5 Reasons Why Storage Is Leading In The Cloud2:00 PM EST Thu. Jan. 24, 2013
A survey of almost 200 cloud-focused executives found that storage is the most popular cloud initiative, as organizations rush to deal with escalating data growth and disaster recovery requirements.
The promise of implementing cloud storage incrementally and increase it over time is very attractive to companies as they scale their operations.
The survey of more than 200 people, almost all of whom attended Cloud Computing Expo in New York in June or Amazon AWS re: invent in Las Vegas in November, was conducted by TwinStrata, a cloud storage vendor.
Continue on and see what executives are saying about cloud storage.
The highest percentage of survey respondents, 88 percent, indicated they currently use or plan to use cloud storage. Although 50 percent of respondents said they now use cloud storage, 38 percent said they will use it. Infrastructure as a service is the most widely implemented cloud strategy with 59 percent of those surveyed saying they currently use IaaS, followed by software as a service with 57 percent of respondents now using SaaS.
Platform as a service had the lowest cloud scores, with 66 percent of those surveyed saying they use or plan to use PaaS.
Cloud computing is heading toward widespread adoption. Most of those surveyed, 50 percent, said they've used cloud computing for between one and five years.
Cloud veterans using hosted services for more than five years accounted for 10 percent. Another 25 percent said they adopted it for less than a year, while just three percent said they have no current cloud plans.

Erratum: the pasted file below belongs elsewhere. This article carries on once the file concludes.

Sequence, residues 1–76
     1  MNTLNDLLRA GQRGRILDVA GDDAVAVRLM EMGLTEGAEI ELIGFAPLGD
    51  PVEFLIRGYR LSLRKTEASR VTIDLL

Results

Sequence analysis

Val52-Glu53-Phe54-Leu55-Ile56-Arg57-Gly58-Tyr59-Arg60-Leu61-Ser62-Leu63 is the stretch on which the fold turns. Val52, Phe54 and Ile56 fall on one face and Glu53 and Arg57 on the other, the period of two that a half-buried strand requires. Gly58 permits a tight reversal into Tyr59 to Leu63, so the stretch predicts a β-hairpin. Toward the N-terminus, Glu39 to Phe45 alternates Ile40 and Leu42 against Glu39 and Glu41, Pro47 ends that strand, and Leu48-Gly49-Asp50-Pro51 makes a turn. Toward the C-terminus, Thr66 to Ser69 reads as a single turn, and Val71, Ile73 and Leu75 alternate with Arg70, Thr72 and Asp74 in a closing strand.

When asked what value they see in using cloud storage, survey respondents most favored the cloud storage scalability by 62 percent of current users, 52 percent of those planning to use it and 61 percent of those with no plans to use it but nonetheless valuing it.
Offsite disaster recovery also scored highly, with 68 percent of current users saying they value it, 47 percent of those planning to use cloud storage endorsing it and 26 percent of those with no plans to implement cloud storage saying they still value it.
Cloud storage costs received less attention from the survey respondents.
The strong value placed in disaster recovery by respondents in the previous slide, with 68 percent of users endorsing it, is borne out by their belief they can quickly recover data in the cloud.
The highest percentage of those surveyed said that in the event of a disaster, they could recover data within a couple of hours, followed by those believing in a recovery time frame of within 24 hours.
Cloud storage security may be holding back greater adoption by businesses.
The biggest inhibitor to cloud storage adoption is security and loss of control, with 41 percent of current cloud storage users, 49 percent of those planning storage adoption and 61 percent of those with no plans all expressing concerns.
Cloud storage security concerns far outpaced concerns about reliability, cost, compliance and other issues.